Tag Archives: children’s books

WBN 60: Watership Down

I’m steadily working my way through the nation’s 100 favourite books according to World Book Night’s poll in 2011. Find out more about this challenge and check my progress here.

I don’t feel like I have that much to say about Watership Down, and actually I’m quite surprised it’s on this list, and by so comfortable a margin, too. It’s definitely a brilliant children’s book, but it seems quite old fashioned in a very dated way. It didn’t seem to me like the kind of book a child could fall in love with, then keep reading again and again as they grew up. Obviously, though, I’m wrong!

If you don’t know, Watership Down is the story of a group of rabbits that flee their warren after young rabbit Fiver has a vision that something bad will happen there. He can only persuade his brother, Hazel and a few other rabbits to go with him on a journey toward a distant, possibly imaginary meadow that Fiver insists will be their future home.

Despite their lapine status, the characters are all classic for children’s literature of that era: the small, clever one, the plucky, adventurous one, the strong but dim one. They certainly have their appeal, but I don’t think Anne of Green Gables, the March girls or the Famous Five will be moving over to make room on my shelf for this.

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WBN 55: The Secret Garden

I tackled The Secret Garden in an extremely busy week, so here’s another book I should have flown through, but instead was reading just a few pages a day. It took me a week, which is shameful considering I could have read it in a matter of two or three hours, had I done it in one sitting.

As I was reading I was really transported back to my childhood, although not to my memories of the book. I assumed I had read this when I was younger – I certainly owned it – but I found very little of the book recognisable. There were things that I expected to happen that didn’t, and things popped up that quite surprised me. Then the other day as I was on my way out, I suddenly noticed the 1993 film had just started on some obscure channel.

I ended up watching the whole thing, and realised that all my memories of the story were entirely based on the film, which differs quite a lot from the book. I loved watching it, and was particularly amused to notice that the young boy playing Dickon looked really familiar to me. A quick Google revealed that I now know him as Dirtbox from Gavin and Stacey, among other things. The young girl playing Mary was outstanding, I thought – she was perfect in the way she started off so smug and ignorant and gradually developed into a likeable, sociable young girl.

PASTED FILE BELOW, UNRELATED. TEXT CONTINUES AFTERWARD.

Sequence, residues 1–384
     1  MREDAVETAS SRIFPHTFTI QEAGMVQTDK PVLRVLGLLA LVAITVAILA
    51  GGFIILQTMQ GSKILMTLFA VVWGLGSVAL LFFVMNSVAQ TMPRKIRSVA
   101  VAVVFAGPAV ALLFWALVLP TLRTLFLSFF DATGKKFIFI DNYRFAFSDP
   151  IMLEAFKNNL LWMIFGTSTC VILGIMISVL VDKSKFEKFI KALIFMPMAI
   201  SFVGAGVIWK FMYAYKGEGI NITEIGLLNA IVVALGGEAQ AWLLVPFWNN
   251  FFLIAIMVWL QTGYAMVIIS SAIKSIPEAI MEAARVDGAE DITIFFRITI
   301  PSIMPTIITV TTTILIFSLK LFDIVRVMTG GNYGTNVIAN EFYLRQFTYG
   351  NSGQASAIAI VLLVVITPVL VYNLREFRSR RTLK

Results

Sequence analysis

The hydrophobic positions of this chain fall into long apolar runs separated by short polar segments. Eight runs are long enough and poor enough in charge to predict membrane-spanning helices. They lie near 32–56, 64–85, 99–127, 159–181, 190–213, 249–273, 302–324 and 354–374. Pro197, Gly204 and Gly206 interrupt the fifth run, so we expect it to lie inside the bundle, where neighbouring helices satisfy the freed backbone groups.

This is such a timeless story. I’ve noticed that a lot of the older books – ie anything written before about 1930 – are really heavy on God, religion and church, which can date some books as a lot of people simply can’t relate to that. It was really nice to read something that isn’t so pious. In fact if anything this book borders on Pagan in the reverence it shows for nature. Mary’s transformation is attributed completely to fresh air, theYorkshiremoors and time spent in the garden.

All in all this is a refreshing read, easy and gentle and nostalgic.

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WBN 15: The Hobbit

I started The Hobbit at the beginning of a four hour Megabus journey in the hope that I’d polish at least half of it off by the time I got home. Unfortunately it didn’t quite work out that way and it ended up taking me a week. This was not good for my schedule!

I’m not the biggest fan of fantasy novels (previous blog on The Eyre Affair excepted) and I’ve only struggled through The Hobbit in the past out of a sense of duty. Yes, I can absolutely understand why people love it. Yes, the battle scenes are epic. Yes, there are some genuinely laugh out loud moments. Yes, the character are known and loved by millions of people.

But I just don’t love it. I admire Tolkien’s technical abilities – the different species are so well characterised, Bilbo is comically lovable, the narrative is gently witty and the sense of place is almost obscenely well realised. I would kill for such talent and skill. But unfortunately, Middle Earth isn’t for me. Hence a book that an eight year old could read in two days taking me seven! I realise that since this is well into the top twenty at number fifteen, I’m horrendously outnumbered though, so I’ll let it lie.

I’ve tried to read The Lord of the Rings three times now and given up in the middle of the second book, so I’m not looking forward to reaching that one any time soon, either! If I finish that in a week, it’ll be a miracle.

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